• fLatticeContainsAutoSpacingInformation A flag indicating whether the text contained in the alternates parameter was generated by a recognizer with auto-spacing enabled. If auto-spacing was enabled, then the flag should be set to TRUE. If auto-spacing was disabled, then the flag should be set to FALSE. In the case in which the contents of alternates was generated by a recognizer that does not support auto-spacing, or was not generated by a recognizer at all, then the flag should be set to FALSE.

Input Panel's programmability model is able to insert the text in the document or application from the position of the system caret.

Both methods return S_OK if the insertion succeeds. They return E_NOINTERFACE if the application is not Text Services based or enabled, and E_INVALIDARG if alternates is improperly formatted or inaccessible. They may also return E_OUTOFMEMORY if there is not enough memory available on the system, or E_FAIL after a catastrophic failure such as the Text Services Framework not being enabled.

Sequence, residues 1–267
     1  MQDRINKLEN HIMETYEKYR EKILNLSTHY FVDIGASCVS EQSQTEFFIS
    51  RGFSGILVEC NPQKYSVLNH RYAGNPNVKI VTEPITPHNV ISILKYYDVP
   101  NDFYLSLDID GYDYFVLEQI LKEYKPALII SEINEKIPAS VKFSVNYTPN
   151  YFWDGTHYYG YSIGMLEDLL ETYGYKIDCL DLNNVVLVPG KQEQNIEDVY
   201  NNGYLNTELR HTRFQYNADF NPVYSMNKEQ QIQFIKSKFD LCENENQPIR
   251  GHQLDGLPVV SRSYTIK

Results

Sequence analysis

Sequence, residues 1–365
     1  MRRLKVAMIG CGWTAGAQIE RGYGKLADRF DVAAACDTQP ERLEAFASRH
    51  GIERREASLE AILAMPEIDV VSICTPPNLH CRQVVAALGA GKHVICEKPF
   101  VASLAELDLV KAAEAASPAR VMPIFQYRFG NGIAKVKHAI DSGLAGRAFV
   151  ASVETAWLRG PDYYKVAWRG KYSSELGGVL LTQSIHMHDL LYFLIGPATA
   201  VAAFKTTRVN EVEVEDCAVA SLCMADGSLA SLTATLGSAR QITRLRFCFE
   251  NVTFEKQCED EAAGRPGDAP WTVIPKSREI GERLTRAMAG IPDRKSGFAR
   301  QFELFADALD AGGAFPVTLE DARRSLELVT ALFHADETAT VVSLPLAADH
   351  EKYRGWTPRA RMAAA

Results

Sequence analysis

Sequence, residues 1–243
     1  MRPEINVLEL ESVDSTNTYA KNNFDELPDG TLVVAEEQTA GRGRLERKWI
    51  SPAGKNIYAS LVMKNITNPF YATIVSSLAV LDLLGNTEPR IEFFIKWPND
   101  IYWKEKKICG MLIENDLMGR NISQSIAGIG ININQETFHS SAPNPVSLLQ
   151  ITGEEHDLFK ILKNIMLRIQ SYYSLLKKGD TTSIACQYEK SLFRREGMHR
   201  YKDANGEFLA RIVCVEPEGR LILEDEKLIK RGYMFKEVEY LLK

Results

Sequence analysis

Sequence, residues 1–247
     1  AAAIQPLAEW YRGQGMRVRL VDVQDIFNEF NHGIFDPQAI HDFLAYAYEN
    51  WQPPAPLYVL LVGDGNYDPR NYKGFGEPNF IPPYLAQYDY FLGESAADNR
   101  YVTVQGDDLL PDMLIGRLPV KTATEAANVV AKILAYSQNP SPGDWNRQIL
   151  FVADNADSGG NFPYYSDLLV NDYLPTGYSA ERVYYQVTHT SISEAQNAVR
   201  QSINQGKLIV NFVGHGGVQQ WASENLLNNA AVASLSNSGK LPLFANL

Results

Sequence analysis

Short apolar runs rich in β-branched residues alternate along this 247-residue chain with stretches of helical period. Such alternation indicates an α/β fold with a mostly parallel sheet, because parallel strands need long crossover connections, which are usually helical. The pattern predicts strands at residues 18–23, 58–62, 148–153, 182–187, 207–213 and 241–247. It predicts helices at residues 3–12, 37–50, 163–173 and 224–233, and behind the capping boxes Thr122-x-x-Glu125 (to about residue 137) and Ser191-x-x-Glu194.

Conclusion

Enabling Input Panel in-document correction for text not entered using Input Panel is a cheap and easy way for a Text Services based or enabled application to supplement a custom inking or input method with powerful pen-based correction functionality. On Windows Vista, all Rich Edit and Trident applications are Text Services enabled. While integrated inking surfaces are a great option for adding a custom Tablet PC user experience to an application, they only support half of text entry if they do not include correction capabilities. In-document correction provides users with the other half of the story by adding the ability to swap a selection for a recognition alternate, or to rewrite part or all of the selection.

Related topics

Programming the Text Input Panel

 

 

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Build date: 3/6/2012